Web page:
Saturday, 23 November 2013

Fascinating Facts of the Great War - Australian Troops camped out on the Wiltshire Downs

Photo taken by George Donohue, 1917
As those of you who follow my weblog will know I have added a section entitled 'Fascinating Facts of the Great War' in order to be able to include topics other than poetry and inspirational women.

Here is one such fact about the Australian troops camped out in WW1 on the Wiltshire Downs in Compton Chamberlayne, near Wilton in Wiltshire, England, before leaving for the various theatres of war on the Continent of Europe and elsewhere.

If anyone knows of a relative of any of those mentioned below, please could they get in touch. Thank you.

My grateful thanks to Yvon Davis of the wonderful Mud, Mining, Medals Facebook Page for her continuing support of my project.

When George Gross took over Compton Park in Compton Chamberlayne, Wiltshire - the manor house had been built rebuilt during the 1500s by Sir Edward Penruddocke and remained in the same family until the early 20th Century - the estate was in need of a great deal of repair.

In the chapter of his book entitled “Wiltshire” George shares with us a “very human record of Australia’s share in the Great War.  On a number of beech trees in Compton Park, probably planted before the discovery of Australia, are the names or initials, wrought with their own hands, of young men who came from that far-distant land to give themselves to the Empire in her hour of need.  They were encamped in their thousands at the foot of the Wiltshire Downs, in Compton Chamberlayne and the adjoining parishes, and many a strong man’s thoughts as he sauntered through the silent woods and saw the smooth grey skin of the beeches must have turned to his dear ones, and he felt irresistibly impelled to leave some record of himself before he faced annihilation." 

George wondered, “how many of those fine fellows are alive and well today?  Of some hundreds of names and initials, many partly obliterated, I mention a few:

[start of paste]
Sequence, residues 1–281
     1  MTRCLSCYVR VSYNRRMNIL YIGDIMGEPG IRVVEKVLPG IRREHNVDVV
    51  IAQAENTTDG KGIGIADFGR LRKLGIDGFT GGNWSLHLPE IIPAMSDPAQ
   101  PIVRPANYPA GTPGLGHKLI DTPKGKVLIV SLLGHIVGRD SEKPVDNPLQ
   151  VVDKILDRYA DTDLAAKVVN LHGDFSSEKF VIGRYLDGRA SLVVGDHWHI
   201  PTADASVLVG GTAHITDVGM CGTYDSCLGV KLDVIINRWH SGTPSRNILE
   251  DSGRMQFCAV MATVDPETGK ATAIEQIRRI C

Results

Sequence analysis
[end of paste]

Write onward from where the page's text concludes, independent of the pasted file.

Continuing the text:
C. Delarvillers was no mean woodcarver, R.M. of Sydney was madly in love with his Nina; her name in his hand-carving is still all over the wood.  I trust he survived and between them they now have grown-up children.  J.A.B. was a good designer as well as a carver;  C.D. climbed twenty feet up the tree to leave his mark.  C.A.W. of London, NSW, had a big bulbous heart; let’s hope he proved a better lover than a woodcarver!  Tom May – I suppose it is Tom May? – the design is ingenious but rather cryptic – is a man of ieas and if he lives has probably made a fortune. Private G. Penny and E.J. Rowlands were evidently great chums.

On the Downs overlooking the main road these handy lads outlined in the chalk a map of Australia as large as St. Paul’s Cathedral, and although overgrown by grass it can still be clearly seen.

Some of the AIF have, dead or alive, left their tangible mark behind – those strong, dare-devil, handsome cousins who had come to our aid from beyond the seas.  In the little cemetery off the village street rest the bodies of thirty or forty who died before they were vouchsafed an opportunity of firing a shot for their motherland.” (pp. 419 – 420 "Suffolk Punch").

From the autobiography “Suffolk Punch A Business Man’s Autobiography” by George Cross. Published by Faber and Faber Ltd., London, 1937.

Note:  The badges are still clearly visible on the Downs and as far as I know they are very carefully tended, however, I understand that the map of Australia has unfortunately been allowed to grass over which is such a shame.

The photograph of George Herbert Cross is one that has been in our family for a very long time.  It must have been taken around 1910 -  the name of the photographer has faded.

1 comment:

  1. Wonderful work and remarkably moving material, Lucy. Mr George Cross was, as you know, a distant cousin of my wife. Thank you for writing it all up.